However, these pull factors mean competition in the market – and to secure entry into the market – is intensifying.

The Egyptian market is fragmented. According to Euromonitor data, around 20 players were present in the dairy sector in 2014. These include the "significant" multinational presence of the likes of Danone, Nestle and FrieslandCampina.

Hisafci says the competitive landscape might make establishing operations organically in the country a daunting task. "This presents a barrier to growth for the interested parties, as the majority of the [multinational] companies have significant investment and marketing capabilities," she observes. Meanwhile local players are very "cost competitive" which could also serve to "limit growth prospects of any parties planning to enter the Egyptian market," she adds.

By joining forces with a leading local player – and with plans to set up local production – Arla has found a means to overcome these challenges and put itself on an even footing with multinationals with a more established presence in the country.

While the financial details of the tie-up between Juhayna and Arla have not been spelt out, it is safe to say Arla has also found a more cost-effective means of expanding in the market than afforded by a straight acquisition.

The appeal of the Egyptian market means that there is greater interest among international dairy manufacturers – as well as local and international investment vehicles – to take control of Egyptian dairy operators. This has pushed up valuations, as evidenced by the high price tag recently commanded in the race to buy Egypt's Arab Dairy Company.

The tie-up with Juhayna comes five months after Arla bowed out of a takeover battle Arab Dairy. India's Paras Dairy and Saudi Arabia’s Arrow Food Distribution were also in the running but – like Arla – withdrew from a bidding process that boiled down to a bidding war between France's Lactalis and local investment firm Pioneers Holding.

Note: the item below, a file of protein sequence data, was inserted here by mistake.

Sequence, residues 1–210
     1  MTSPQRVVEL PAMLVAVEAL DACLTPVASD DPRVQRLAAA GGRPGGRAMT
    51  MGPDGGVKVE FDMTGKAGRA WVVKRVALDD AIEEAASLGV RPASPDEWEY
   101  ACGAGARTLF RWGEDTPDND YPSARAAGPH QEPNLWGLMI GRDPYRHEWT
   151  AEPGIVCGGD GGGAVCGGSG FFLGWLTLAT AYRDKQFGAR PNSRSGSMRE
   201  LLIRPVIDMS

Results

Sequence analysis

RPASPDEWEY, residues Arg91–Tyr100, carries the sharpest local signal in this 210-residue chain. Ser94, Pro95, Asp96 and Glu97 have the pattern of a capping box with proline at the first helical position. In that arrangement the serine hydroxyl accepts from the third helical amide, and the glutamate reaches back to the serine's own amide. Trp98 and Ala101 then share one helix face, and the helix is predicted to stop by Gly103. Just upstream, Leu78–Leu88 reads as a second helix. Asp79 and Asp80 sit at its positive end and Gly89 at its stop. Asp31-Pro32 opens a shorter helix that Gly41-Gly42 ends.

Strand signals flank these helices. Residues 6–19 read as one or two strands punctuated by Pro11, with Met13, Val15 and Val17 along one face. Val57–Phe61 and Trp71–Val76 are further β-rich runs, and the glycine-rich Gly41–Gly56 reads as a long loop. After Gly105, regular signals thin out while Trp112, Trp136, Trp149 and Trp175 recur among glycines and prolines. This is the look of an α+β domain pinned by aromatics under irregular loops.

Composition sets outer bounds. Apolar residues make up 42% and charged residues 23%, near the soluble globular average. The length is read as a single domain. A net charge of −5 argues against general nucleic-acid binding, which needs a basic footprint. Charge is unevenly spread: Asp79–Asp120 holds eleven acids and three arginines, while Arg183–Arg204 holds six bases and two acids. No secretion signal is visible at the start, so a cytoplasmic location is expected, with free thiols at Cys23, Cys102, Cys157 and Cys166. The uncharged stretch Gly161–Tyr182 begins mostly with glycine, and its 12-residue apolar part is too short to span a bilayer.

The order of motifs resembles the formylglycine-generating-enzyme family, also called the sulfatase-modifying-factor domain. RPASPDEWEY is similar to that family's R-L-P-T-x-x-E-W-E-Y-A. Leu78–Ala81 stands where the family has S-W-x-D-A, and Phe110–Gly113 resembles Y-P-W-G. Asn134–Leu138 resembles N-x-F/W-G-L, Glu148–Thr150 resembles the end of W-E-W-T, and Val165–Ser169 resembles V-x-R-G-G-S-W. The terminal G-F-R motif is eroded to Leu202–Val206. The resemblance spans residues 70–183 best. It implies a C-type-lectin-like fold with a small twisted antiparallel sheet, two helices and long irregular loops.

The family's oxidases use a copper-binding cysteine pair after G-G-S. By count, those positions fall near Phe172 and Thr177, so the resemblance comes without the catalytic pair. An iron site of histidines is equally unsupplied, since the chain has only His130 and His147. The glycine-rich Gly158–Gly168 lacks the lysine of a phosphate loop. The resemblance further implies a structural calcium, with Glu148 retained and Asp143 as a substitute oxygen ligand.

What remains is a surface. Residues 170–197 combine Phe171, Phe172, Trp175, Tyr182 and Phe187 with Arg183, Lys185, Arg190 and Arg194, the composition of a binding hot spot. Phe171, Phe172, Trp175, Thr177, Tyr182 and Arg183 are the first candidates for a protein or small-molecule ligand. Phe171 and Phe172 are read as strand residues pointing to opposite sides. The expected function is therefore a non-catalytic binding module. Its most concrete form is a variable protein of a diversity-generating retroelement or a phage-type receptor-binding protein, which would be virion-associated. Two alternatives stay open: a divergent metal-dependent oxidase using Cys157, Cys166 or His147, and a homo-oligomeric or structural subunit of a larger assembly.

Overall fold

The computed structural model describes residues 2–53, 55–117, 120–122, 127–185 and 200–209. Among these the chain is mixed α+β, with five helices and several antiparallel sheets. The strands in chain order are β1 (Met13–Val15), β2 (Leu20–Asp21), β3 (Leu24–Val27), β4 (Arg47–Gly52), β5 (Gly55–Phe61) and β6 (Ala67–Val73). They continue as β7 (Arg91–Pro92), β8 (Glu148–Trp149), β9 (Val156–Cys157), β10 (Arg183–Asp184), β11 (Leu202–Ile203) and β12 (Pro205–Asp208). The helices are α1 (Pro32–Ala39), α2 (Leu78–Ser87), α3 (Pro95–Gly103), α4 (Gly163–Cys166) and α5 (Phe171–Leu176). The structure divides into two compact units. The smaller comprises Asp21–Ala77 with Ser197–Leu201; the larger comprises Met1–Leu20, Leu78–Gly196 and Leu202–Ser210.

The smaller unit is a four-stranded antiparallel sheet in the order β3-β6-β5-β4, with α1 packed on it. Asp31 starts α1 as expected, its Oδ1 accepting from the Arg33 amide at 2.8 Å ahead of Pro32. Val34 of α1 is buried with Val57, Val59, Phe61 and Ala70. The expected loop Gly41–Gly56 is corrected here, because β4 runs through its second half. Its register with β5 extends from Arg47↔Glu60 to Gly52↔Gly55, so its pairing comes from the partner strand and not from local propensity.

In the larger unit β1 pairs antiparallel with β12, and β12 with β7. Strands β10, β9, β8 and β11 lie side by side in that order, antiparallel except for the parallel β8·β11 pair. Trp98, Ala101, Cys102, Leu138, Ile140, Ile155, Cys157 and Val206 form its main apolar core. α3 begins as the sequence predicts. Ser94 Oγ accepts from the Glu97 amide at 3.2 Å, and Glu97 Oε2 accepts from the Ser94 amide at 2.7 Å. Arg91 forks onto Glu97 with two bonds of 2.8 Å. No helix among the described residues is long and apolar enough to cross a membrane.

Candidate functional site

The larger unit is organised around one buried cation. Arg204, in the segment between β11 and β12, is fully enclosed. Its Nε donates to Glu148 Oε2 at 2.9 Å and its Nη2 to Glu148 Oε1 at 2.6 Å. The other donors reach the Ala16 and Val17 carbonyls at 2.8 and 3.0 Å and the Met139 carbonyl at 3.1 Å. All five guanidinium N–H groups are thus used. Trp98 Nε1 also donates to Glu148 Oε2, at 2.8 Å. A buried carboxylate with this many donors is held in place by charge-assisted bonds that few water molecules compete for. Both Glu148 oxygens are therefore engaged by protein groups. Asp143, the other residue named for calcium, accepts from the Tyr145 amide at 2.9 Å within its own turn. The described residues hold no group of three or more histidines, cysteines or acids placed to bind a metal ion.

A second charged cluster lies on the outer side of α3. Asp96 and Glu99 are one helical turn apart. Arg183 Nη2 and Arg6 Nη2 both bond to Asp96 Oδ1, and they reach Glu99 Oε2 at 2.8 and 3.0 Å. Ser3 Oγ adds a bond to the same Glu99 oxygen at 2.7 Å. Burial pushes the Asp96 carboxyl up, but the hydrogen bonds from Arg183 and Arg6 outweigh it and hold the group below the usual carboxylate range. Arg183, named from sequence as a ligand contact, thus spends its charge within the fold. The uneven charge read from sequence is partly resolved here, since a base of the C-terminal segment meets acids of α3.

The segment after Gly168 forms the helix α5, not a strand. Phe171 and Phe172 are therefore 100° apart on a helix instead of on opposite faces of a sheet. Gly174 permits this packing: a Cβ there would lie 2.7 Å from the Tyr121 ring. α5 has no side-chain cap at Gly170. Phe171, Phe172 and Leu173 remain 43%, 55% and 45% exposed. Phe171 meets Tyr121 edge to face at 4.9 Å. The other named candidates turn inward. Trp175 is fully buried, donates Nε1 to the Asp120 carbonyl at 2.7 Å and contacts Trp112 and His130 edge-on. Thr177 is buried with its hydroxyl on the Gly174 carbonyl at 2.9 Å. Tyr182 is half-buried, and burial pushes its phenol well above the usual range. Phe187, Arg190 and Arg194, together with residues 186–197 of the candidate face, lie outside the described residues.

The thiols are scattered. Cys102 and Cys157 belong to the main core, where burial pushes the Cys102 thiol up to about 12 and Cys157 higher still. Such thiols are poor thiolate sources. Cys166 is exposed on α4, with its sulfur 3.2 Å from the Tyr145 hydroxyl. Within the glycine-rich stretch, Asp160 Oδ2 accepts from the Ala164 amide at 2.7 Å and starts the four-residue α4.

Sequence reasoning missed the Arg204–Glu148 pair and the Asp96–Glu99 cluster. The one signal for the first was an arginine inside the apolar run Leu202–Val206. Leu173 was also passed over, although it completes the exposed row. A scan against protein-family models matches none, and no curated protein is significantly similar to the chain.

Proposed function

Pioneers, which already held a near-17% stake in Arab Dairy, won through with a bid of EGP71.11 per share (US$9.32) for the business. According to Pharos Holding, the investment bank that oversaw the sale, the deal equated to an enterprise value of about EGP601m, reflecting an EV/EBITDA multiple of 38 times.

PM Food & Dairy Consulting's Preben Mikkelsen tells just-food the battle to buy Arab Dairy is an example of the growing cost of entering the Egyptian dairy market via M&A. "Acquisition can be too costly seen in the light of Arab Dairy Company where both Arla Foods and Lactalis stepped down. When Lactalis declines [a takeover attempt] then the price is certainly too high," Mikkelsen said.

Therefore, Mikkelsen says, the establishment of ArJu Food Industries looks like a "sensible solution". He adds: "If the JV is a success, Arla Foods can later on acquire parts of the company."